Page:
Presentation on theme: "The ABC’s of Biblical Archaeology “If these [disciples] keep silent, the stones will cry out.” Luke 19:40."— Presentation transcript:
The ABC’s of Biblical Archaeology “If these [disciples] keep silent, the stones will cry out.” Luke 19:40
Welcome to my world.
Welcome to HIS world.
What is biblical archaeology? It is the study of everything that remains of the cultures and environments in biblical lands. It is not a treasure hunt. It is a way to know the world of the Bible, what the authors of Scripture assumed you knew.
Joshua knew about archaeology. “Yet Israel did not burn any of the cities built on mounds except Hazor, which Joshua burned.” Joshua 11:13
Jesus knew about archaeology. “The kingdom of heaven is like treasure hidden in a field. When a man found it, he hid it again, and then in his joy went and sold all he had and bought that field.” Matthew 13:44
A = Apologetics Archaeology can be helpful in demonstrating the reliability of the Bible and our faith. Archaeological finds can not only confirm the people, places and events mentioned in Scripture, it can add details. An example would be Hezekiah’s Tunnel in Jerusalem. (2 Kings 20:20)
“Now the rest of the acts of Hezekiah and all his might, and how he made the pool and the conduit and brought water into the city [of Jerusalem]….”
The inscription from inside Hezekiah’s tunnel (701 B.C.) recording how the tunnel was dug from both ends toward the middle.
B = Bible translation clarifications Galatians 3:24 “Therefore the Law has become our pedagogue to lead us to Christ, that we may be justified by faith.” But what exactly is a pedagogue (literally child leader) “strict tutor” (Phillips) “custodian” (RSV) “tutor” (NASB) “schoolmaster” (KJ)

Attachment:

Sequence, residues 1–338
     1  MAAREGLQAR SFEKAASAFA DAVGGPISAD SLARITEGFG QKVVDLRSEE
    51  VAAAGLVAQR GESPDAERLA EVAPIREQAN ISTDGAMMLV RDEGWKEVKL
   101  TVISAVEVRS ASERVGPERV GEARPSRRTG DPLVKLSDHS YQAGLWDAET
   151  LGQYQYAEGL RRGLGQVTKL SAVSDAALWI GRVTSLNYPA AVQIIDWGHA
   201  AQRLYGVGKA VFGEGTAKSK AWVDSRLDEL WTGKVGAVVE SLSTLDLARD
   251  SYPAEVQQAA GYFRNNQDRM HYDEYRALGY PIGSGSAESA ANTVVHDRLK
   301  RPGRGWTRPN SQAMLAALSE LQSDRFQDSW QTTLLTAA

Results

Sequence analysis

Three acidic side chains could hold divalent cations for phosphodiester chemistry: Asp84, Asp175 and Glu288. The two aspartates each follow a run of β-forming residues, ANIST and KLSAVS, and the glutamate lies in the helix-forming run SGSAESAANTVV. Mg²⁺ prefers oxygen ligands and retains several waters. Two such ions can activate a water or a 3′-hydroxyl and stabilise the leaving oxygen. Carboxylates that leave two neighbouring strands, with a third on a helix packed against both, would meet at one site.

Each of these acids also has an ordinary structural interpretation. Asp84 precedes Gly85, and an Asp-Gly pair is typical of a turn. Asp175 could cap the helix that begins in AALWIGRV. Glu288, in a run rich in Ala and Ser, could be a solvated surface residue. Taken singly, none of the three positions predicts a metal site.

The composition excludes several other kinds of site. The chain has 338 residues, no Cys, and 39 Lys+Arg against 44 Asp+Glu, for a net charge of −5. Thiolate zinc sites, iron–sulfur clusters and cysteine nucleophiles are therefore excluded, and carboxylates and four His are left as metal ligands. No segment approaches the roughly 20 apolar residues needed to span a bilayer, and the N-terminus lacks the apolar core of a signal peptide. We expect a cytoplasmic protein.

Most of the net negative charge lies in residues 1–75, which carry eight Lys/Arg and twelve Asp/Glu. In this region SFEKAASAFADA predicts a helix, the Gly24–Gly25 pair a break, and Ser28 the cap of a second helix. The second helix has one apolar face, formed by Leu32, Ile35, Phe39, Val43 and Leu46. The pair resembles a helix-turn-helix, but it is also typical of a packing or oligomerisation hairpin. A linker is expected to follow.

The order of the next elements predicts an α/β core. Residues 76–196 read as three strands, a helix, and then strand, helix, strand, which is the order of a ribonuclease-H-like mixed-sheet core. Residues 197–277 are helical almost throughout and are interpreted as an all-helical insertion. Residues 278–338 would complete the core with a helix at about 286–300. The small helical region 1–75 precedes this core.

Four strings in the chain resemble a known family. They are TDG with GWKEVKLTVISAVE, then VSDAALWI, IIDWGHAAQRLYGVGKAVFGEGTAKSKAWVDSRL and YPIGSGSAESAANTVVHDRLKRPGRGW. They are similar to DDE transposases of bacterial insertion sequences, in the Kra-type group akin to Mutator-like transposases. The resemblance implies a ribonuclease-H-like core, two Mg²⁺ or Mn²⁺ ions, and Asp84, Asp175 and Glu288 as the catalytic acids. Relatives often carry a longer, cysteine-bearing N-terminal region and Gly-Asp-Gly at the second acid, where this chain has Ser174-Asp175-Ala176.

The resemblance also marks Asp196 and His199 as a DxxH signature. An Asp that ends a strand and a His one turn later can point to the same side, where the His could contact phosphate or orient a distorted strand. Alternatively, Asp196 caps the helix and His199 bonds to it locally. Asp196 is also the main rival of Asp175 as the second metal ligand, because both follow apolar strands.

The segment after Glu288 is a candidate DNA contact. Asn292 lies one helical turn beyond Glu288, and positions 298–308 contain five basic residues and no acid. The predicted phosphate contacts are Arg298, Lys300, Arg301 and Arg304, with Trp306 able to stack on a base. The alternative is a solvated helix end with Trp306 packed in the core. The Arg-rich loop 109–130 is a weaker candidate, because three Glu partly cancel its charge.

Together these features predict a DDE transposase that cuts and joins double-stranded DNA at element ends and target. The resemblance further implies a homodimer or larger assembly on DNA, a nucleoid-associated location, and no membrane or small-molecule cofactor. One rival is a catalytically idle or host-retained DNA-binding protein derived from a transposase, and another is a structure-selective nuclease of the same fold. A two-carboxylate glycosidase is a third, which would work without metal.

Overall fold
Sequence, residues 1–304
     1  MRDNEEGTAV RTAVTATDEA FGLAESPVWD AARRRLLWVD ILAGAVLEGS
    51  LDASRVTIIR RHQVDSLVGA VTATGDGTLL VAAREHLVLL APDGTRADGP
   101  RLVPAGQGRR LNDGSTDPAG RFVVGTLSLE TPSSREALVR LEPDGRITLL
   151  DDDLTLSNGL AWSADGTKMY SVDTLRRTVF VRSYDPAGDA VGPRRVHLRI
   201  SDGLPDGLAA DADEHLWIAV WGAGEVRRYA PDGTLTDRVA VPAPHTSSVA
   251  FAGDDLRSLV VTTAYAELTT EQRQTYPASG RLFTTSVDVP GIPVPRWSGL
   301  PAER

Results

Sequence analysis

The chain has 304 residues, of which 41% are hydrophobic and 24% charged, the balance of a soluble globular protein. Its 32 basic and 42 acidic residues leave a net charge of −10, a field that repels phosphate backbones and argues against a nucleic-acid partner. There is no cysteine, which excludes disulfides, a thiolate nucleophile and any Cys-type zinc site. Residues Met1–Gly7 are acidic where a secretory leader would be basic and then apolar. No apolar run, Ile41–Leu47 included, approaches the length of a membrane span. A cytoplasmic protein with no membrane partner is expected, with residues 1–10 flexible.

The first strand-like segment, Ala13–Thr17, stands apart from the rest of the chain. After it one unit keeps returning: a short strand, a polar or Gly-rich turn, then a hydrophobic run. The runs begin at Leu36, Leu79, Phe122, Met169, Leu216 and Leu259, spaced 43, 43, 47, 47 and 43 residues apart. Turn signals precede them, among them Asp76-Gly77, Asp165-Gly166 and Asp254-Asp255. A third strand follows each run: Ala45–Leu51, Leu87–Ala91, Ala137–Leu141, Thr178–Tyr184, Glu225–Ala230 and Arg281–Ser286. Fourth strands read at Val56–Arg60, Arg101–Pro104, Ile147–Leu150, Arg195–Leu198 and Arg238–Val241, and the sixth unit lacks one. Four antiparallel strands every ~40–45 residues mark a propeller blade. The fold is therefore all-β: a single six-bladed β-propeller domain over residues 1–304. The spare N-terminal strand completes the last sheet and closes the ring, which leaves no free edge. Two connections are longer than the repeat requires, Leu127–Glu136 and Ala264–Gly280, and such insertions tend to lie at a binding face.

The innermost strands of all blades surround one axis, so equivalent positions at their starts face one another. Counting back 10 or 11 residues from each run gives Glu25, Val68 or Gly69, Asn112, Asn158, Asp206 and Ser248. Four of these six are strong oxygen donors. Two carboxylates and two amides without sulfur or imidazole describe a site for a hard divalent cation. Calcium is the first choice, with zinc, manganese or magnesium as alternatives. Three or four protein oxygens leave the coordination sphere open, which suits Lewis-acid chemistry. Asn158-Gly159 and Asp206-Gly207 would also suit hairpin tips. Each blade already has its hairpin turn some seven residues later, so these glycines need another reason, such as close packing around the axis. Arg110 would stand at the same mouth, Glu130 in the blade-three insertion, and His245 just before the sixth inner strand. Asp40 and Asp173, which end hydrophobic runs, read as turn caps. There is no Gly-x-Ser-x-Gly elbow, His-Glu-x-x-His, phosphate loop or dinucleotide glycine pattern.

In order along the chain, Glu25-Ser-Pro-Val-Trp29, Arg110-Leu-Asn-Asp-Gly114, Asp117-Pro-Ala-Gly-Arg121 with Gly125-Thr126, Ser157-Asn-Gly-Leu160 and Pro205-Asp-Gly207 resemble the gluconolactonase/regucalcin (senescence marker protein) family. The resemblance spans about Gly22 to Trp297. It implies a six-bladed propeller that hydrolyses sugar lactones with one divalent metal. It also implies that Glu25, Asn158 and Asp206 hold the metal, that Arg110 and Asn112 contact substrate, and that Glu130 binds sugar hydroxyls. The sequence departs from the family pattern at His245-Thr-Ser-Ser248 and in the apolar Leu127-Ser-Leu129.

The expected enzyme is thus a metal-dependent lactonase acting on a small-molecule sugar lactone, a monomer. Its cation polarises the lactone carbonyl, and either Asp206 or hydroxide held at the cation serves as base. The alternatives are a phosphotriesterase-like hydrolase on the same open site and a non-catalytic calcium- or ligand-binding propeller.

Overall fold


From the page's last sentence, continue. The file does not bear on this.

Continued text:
We now have pictures of pedagogues on pottery.
So… The Law leads us to the teacher (Christ) so we can be justified. The Law is not the teacher. Its job is to get us to the teacher willingly or by force.
C = Context Becoming familiar with the world in which the biblical events took place. “Seeing” in three dimensions. An example would be small silver “scrolls” from a Jerusalem tomb dating to about 560 B.C.
Gabriel Barkay studying tombs
Room for Eight Bodies
Items found in the tomb
The Silver Pendant
The little scrolls were unrolled. The covenant name of the LORD (I AM) pronounced Yahweh was listed three times. A Jewish student who was orthodox said that this detail made the identification of the inscription easy, a “no-brainer” Only one place in the Bible had the “I AM” listed three times in a row. Numbers 6:24-26
And what is the significance? These three short sentences in Hebrew were said only once a year. After atonement was made on Yom Kippur, the high priest came out of the Holy of Holies to face the people. He made a pronouncement on the basis of the finished work of atonement for the sins of the nation. His statement (not wish or hope) was, – “The LORD blesses you and keeps you. – The LORD makes His face to shine upon you and is gracious to you. – The LORD lifts up His countenance upon you and gives you wholeness. – Amen” (and that can be relied on)
And this pronouncement kept the occupant of that grave going Through the dark days while most of the people were in exile. Through the days with no temple, priests, or sacrifices.
Today what keeps us going? Jesus offered himself as the perfect and final sacrifice. He was both the high priest and the sacrifice. Have paid for and removed all our sins, he turns to us and says, The LORD blesses you and keeps you, The LORD makes His face shine upon you and is gracious to you, The LORD lifts up His countenance on you, And gives you wholeness.
There is more treasure! Keep digging
Your Questions? Resources for further learning – Bibliography – Go to Israel or other lands of the Bible “You had to be there.” or “I do not read the Bible the same as I did before I went to Israel.” How can I help you today?
Web Resource Web Sites Related to Biblical Archaeology *http://www.BiblePlaces.com and their bloghttp://www.BiblePlaces.com (also free downloadable e-books)http://www.bib-arch.org (blog)